Army unveils plan for immersive infantry simulator to enable squad members to train together
ORLANDO, Fla. – U.S. Army simulation and training experts are releasing details to industry of a future immersive infantry simulator to enable squad members to train together emphasizing movement, communications, care for the wounded, protecting themselves, and using terrain effectively to shoot and move.
Officials of the Army Contracting Command in Orlando, Fla., issued a statement of need (W900KK-SYNTHETIC-TRAINING-ENVIRONMENT-SiVT) on Tuesday for the Squad Immersive Virtual Trainer (SiVT) to provide defense contractors with additional information about this possible future program.
The goal of the SiVT is to provide a realistic small-unit simulations trainer to provide squad members with an increased number of training repetitions well above the rate possible during live training exercises. An infantry squad has nine to 13 warfighters.
The SiVT will use mixed reality and natural user interface (NUI) technologies to deliver capabilities that include engine-agnostic software able to interoperate with future Army training devices; interoperability with the Army's Commons Synthetic Environment (CSE) for individual and collective training; the ability for soldiers to build and design scenarios rapidly that portray constantly changing real-world situations; the ability to run several training iterations in a short period of time; and provide after action reviews.
The Army fielded the first-generation Dismounted Soldier Training System (DSTS) from 2012 to 2014, but it didn't fulfill infantry training requirements and was scrapped in 2015, Army officials explain.
Today the Army's lack of a squad immersive capability prevents squads from conducting several different training scenarios quickly that involve varying conditions at different operating tempos and levels of complexity. Army officials say that filling this training gap will increase squad proficiency in small-unit close-combat operations.
Army experts are considering an initial SiVT prototype that is transportable and deployable, portrays global terrain, and operates with an agnostic software engine. The idea is to develop additional simulator capabilities through an iterative technology demonstration approach.
This could enable the Army to field additional simulator prototypes to gain real-time user feedback. The Army would like to coordinate a technical demonstration of prototypes using real soldiers no later than August 2018.
The SiVT should not be complex to operate and maintain; must replicate current and future infantry squad communications and weapons; and must track each soldier's progress. It also must enable squad members to engage a simulated enemy with all the squad's individual and crew-served weapons.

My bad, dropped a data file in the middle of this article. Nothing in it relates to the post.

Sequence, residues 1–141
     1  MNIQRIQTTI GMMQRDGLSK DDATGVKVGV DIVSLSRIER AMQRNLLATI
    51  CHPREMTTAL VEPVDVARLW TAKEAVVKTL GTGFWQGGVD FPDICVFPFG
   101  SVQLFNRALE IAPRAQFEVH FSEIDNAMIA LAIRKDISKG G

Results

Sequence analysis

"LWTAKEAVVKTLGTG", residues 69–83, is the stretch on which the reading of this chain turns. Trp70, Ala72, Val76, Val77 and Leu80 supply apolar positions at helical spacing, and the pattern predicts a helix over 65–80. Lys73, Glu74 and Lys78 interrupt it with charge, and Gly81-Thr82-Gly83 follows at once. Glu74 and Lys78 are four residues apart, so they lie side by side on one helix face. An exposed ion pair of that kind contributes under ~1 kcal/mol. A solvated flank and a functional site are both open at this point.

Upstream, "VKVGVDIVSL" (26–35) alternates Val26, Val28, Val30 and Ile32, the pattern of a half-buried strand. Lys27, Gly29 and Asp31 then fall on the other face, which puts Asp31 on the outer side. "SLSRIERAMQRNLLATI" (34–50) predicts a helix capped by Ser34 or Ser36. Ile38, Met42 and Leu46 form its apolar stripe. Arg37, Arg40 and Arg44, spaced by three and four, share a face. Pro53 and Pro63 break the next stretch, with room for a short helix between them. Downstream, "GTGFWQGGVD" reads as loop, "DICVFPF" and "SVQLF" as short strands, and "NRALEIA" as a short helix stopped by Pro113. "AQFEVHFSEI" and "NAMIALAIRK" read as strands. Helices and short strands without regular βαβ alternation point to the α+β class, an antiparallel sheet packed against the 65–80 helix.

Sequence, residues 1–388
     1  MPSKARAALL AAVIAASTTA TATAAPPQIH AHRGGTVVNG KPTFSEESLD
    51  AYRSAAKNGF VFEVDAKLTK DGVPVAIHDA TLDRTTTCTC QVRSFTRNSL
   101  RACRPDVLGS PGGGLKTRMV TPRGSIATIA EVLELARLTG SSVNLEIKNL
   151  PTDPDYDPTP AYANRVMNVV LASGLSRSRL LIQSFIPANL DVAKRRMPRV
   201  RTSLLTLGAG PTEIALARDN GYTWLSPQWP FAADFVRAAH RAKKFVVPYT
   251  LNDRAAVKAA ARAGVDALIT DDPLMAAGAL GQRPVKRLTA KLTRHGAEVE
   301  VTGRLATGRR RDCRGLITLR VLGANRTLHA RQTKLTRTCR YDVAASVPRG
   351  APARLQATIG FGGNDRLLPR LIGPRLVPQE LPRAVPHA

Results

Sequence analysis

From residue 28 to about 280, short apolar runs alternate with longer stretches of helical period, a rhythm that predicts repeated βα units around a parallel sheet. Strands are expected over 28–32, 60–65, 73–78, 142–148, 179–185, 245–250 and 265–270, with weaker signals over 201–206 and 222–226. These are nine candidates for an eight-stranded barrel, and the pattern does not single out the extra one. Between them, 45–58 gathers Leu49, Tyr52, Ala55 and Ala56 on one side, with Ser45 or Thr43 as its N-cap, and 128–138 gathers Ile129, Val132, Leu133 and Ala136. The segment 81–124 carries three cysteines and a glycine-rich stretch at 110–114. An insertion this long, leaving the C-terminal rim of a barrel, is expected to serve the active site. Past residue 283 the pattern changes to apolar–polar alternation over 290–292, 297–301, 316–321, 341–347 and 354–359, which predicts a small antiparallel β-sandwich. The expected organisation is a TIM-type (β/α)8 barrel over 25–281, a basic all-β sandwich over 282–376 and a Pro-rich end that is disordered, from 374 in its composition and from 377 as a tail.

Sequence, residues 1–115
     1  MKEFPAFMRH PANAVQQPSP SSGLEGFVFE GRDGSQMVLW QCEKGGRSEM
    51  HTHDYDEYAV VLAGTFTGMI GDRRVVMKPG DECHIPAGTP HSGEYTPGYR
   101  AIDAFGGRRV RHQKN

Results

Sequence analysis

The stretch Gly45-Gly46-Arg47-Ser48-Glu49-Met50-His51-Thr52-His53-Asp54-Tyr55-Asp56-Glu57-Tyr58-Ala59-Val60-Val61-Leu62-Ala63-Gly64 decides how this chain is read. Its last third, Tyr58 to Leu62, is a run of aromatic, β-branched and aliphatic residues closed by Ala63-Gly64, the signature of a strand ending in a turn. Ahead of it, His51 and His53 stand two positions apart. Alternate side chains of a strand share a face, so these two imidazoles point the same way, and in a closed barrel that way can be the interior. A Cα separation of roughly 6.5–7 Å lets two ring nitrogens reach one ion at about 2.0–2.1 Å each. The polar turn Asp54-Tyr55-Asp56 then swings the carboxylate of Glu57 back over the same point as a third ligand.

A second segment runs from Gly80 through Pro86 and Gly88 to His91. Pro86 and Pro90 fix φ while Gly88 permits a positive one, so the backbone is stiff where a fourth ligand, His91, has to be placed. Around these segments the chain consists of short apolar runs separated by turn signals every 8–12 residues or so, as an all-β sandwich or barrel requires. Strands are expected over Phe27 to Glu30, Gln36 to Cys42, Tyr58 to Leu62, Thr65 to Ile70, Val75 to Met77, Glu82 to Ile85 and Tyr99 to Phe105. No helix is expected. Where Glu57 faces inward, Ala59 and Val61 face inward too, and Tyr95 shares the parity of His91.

It must provide marksmanship and tactical algorithms able to support training that ranges from individual basic marksmanship to full squad tactical training, and be able to integrate new weapons quickly. The SiVT will include replicate human voices, battlefield noises, vehicle movement, infantry weapons, and aircraft.
The system must replicate realistic movement of infantry soldiers, including the ability for warfighters to stand, sit, squat, lie down, walk, run, climb, crawl, turn, jump, and roll. It also will account for the effects of physical exertion, and provide feedback to the soldier when he's shot or otherwise wounded.
SiVT users must be able to deploy, maneuver and shoot to defeat and destroy enemy forces and seize terrain, resources, and population centers.
Squad leaders should be able to think tactically and use information to assess the situation, make decisions, and issue orders in an austere environment. Hand and arm gestures and facial expressions must be detailed enough to enable Soldiers to communicate without speaking and maintain noise and light discipline during movement.
The system also must replicate current and future squad-level voice and data communications systems like Netwarrior and input from unmanned aircraft, and must replicate face-to-face communications with friends, enemies, civilians and unmanned aircraft.
The SiVT will help soldiers care for the wounded on the spot or under nearby cover and concealment until a combat medic is available, as well as request medical evacuation. Safety features will help soldiers not to shoot or otherwise hurt each other, protect themselves from chemical, biological, radiological, nuclear, and high-yield explosives attack.
The simulator will replicate terrain and conditions like deserts, snow, mountains, jungles, cities, underground facilities in 3D, including actions like digging, explosions, and battlefield damage.
This simulator will about the size of an Army classroom, and be modular, exportable, tailorable, transportable, and scalable. Floor space will not be larger than 40 by 40 feet, and support training one to 15 soldiers at once.
This statement of need is for information only, and will be updated periodically. Email questions or concerns to the Army's Ian Skeete at email@example.com or Brian Wepking at firstname.lastname@example.org.
More information is online at https://www.fbo.gov/notices/b9f0a97d81b299781f39070d17d1a9db.
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